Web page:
When it comes to the last 24 hours, UK assets have remained at the eye of the storm as the negative reaction to the government’s mini-budget on Friday continued. The country’s government bonds were completely routed for a second day, with yields on 5yr gilts up by +47.8bps to a post-2008 high of 4.52%. Bear in mind that follows on from the +51.0bps move on Friday, which itself was the largest daily rise since January 1985 when there was a 200bps rate hike, so these are not the sort of moves we’re used to seeing every day. Indeed as I showed in an extra CoTD last night (link here) this is now the largest 5 day rolling move for 5yr gilts since our daily data starts in 1979 and the largest 5 day rolling move in 10yr gilts since 1976 (around the IMF loan) and the 5th largest such move since our daily data starts in 1934 (other 4 all around this mid-1970s period). So the global fixed income VAR shocks of the last 12 months keep on coming.

Furthermore, the gap between UK 10yr gilt yields and German 10yr bunds widened to more than 212bps by the close yesterday, which is the biggest spread in available Bloomberg data going back to the early 1990s. We'll have a look at longer data later.

During yesterday’s session there was much speculation as to whether there might be an intervention or perhaps even an emergency intermeeting hike from the BoE. But it wasn’t until just before European markets closed that we finally heard from the UK Treasury, who put out a statement with a number of lines that looked designed to ease investors’ fears. In particular, there was confirmation that Chancellor Kwarteng would be setting out a “Medium-Term Fiscal Plan” on November 23, which would include details of the government’s fiscal rules and ensure that the debt-to-GDP ratio falls in the medium term. Furthermore, there would be a full forecast from the Office for Budget Responsibility (the government’s independent fiscal watchdog) alongside that fiscal plan in November 23. That contrasts with Friday’s mini-budget, where there wasn’t an independent forecast alongside the announcements.

Shortly after the Treasury statement, BoE Governor Bailey released his own statement, in which he said that the Monetary Policy Committee would “make a full assessment at its next scheduled meeting of the impact on demand and inflation from the Government’s announcements, and the fall in sterling, and act accordingly.” It further said that they would “not hesitate to change interest rates as necessary to return inflation to the 2% target sustainable in the medium term”. But in spite of those two statements, sterling actually lost ground afterwards since investors slashed the odds of an emergency inter-meeting hike. After hitting an all time low in Asia at $1.0392 it rallied to just above $1.09 by early afternoon and slightly higher on a hugely volatile day. After Bailey’s statement, it fell from just over $1.08 to just beneath $1.07, where it ended the day (up at $1.078 in Asia). In the meantime, the selloff in gilts resumed and they hit their lows for the session around the close. Looking forward, markets are still expecting an incredibly fast pace rate hikes ahead, with around 150bps priced in by the time of the next policy meeting on November 3, albeit that was down from 200bps at one point in the day.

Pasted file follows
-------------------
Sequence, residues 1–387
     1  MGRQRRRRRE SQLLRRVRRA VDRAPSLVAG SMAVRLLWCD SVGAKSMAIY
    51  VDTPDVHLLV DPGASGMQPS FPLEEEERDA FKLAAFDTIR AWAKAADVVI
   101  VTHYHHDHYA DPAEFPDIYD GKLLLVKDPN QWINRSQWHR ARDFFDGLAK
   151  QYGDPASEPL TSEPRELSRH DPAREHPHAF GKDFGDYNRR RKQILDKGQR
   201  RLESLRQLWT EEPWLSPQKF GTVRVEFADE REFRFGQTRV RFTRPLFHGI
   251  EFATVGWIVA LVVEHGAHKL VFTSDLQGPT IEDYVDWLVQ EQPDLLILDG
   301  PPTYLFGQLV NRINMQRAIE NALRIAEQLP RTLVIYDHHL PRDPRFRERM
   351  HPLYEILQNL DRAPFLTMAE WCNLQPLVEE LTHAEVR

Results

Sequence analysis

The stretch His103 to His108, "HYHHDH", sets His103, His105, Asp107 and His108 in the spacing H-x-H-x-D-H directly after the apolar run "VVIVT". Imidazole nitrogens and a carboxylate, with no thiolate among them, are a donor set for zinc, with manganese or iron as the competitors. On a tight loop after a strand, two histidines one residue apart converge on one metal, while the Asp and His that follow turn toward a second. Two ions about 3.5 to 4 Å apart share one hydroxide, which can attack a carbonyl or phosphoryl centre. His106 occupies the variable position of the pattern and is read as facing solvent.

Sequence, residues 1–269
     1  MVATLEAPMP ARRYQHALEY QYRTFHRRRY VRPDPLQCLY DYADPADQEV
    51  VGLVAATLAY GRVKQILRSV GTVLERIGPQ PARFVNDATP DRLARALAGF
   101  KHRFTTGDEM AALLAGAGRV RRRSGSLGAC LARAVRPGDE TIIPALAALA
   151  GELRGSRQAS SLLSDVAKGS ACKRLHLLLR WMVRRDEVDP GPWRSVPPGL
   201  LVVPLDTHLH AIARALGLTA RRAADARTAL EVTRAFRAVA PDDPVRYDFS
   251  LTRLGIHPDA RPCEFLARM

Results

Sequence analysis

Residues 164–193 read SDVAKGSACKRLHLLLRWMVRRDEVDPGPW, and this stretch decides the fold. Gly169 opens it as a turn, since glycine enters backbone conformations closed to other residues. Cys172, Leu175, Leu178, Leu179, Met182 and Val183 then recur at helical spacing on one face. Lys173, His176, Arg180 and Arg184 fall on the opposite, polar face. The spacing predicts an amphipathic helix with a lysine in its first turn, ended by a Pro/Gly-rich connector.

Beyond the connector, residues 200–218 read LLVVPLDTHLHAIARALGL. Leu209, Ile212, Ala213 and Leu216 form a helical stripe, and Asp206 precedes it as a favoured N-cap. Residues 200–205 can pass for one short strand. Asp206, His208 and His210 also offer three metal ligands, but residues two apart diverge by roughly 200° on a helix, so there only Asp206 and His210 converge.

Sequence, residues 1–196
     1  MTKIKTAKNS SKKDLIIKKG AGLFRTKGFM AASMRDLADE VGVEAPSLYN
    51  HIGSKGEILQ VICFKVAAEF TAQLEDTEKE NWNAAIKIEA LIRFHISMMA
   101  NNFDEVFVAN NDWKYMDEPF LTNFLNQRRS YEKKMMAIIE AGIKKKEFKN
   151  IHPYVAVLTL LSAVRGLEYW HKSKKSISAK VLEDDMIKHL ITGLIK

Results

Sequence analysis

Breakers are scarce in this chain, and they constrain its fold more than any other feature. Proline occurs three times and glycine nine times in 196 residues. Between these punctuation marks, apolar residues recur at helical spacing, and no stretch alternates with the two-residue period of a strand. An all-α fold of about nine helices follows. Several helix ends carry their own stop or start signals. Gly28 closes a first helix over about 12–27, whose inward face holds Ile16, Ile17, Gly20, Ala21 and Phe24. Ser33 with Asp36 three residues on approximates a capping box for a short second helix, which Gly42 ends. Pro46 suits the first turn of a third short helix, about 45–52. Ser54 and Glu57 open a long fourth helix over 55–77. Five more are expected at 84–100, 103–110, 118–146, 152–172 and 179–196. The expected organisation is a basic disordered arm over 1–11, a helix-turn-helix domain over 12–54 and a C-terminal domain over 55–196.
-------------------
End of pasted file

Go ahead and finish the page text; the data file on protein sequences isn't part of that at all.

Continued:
The UK may have been the epicentre for yesterday’s moves, but the global bond selloff showed no sign of abating elsewhere, with yields rising to fresh multi-year highs on both sides of the Atlantic. In the US, 10yr Treasury yields were up +24.0bps on the day to 3.92%, their highest since 2010, which came as investors continued to ratchet up their expectations for how hawkish the Fed would be over the coming year.This morning in Asia, yields have pulled back with 10yr USTs (-5.28 bps) at 3.87% and 2yrs (-4.12 bps) at 4.30%, as we go to press. Indeed, markets are getting the message that the Fed will have to be restrictive for longer, and instead of pricing insurance cuts through next year, the spread between December 2023 and December 2022 policy rates reached their steepest point yet at 22.3bps. The focus on tighter Fed policy also meant that yesterday’s rise in 10yr yields was driven by real rates, which saw an outsize +30.6bps move up to 1.55% (remarkably, only their largest move since June, a sign of how volatile markets have been this year), thus leaving them at levels not seen since 2010. Over in Europe, mounting expectations that the ECB would hike by 75bps in October helped to send yields on 10yr bunds (+9.1bps) and OATs (+11.5bps) higher on the day. In particular, Italian BTPs were a key underperformer following their election, and the spread of 10yr yields over bunds widened by +9.9bps on the day to 242bps, taking them to their widest level since May 2020. That widening in peripheral spreads was also echoed on the credit side, with iTraxx Crossover widening +18.0bps on the day to 655bps, marking its highest closing level since March 2020 during the initial phase of the Covid crisis.